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House Republicans have introduced a bill designed to crack down on “illegal” immigration. House immigration subcommittee chairman Elton Gallegly (R-Calif.) said last month that he will introduce a bill within the next month to mandate the use of an illegal-worker detection system, E-Verify. The detection system is already mandatory for government agencies and contractors. It is also used voluntarily by nearly 250,000 businesses to check the legal status of potential hires, however critics say to make E-Verify mandatory would severely hurt U.S. agriculture by depriving farmers of cheap labor.
Gallegly believes that by making E-Verify a requirement for all businesses, it would force all the undocumented workers out of the country. “If there was ever a need to do something quickly, when we have 14 million Americans who aren’t working today, I think they deserve to be put in the front of the line,” the California Republican said at a hearing on the use of E-Verify.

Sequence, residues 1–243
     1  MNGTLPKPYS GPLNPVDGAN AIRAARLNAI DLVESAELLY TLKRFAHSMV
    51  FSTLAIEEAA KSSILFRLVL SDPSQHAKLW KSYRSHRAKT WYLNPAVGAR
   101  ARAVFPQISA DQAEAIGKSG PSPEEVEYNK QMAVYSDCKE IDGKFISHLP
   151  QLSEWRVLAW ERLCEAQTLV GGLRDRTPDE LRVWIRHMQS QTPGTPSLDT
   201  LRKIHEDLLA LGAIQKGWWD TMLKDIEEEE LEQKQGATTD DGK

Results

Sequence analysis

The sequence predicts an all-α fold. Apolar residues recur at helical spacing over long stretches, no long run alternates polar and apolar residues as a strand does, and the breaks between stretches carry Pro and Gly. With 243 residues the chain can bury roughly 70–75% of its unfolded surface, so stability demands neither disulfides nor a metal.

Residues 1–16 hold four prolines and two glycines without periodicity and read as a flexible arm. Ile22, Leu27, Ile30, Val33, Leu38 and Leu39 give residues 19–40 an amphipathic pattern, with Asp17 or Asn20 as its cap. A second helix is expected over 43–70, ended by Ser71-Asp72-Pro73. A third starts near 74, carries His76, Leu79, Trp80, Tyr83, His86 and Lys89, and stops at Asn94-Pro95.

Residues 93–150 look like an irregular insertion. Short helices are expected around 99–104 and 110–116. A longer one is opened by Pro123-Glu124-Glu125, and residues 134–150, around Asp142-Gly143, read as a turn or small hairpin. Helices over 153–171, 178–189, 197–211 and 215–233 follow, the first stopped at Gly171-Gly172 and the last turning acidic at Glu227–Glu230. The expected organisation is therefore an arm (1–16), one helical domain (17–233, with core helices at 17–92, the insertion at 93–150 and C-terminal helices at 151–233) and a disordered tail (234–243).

Farm owners maintain that very few U.S. citizens want the types of jobs taken by undocumented workers. The jobs are usually low-paying and backbreaking work such as fruit-picking. Last year, a drive by United Farm Workers called “Take Our Jobs” and promoted by Comedy Central host Stephen Colbert seemed to highlight that claim–few Americans will work agricultural jobs, even with record high unemployment.
David Cox, the chief executive of a California fruit-growing company, said he has hired a few naturalized Americans, but some quit almost immediately and others said they plan to leave as soon as they can find another job. “As the economy improves, there will be much fewer to do this kind of work,” Cox maintains. “If E-Verify became mandatory, we would lose most of our workforce overnight.”
Although designed to promote the economy, many experts feel this bill will likely hurt the economy, driving food prices even higher and increasing the demand for cheaper imported food. “Pressing harder on the gas without fixing the vehicle will only hurt our economy,” Rep. Zoe Lofgren (D-Calif.), the ranking member of the immigration subcommittee, said. “Particularly in agriculture, mandating the use of E-Verify would reverse the polarity of the magnet, shipping millions of jobs overseas.”
It would also be expensive to implement. Bloomberg News Service estimated it would cost small businesses $2.6 billion annually to apply E-Verify if it became mandatory. Another problem is that Immigration and Customs can only deport so many people a year. They do not have the resources to deport the amount of people that may need to be if E-Verify became mandatory.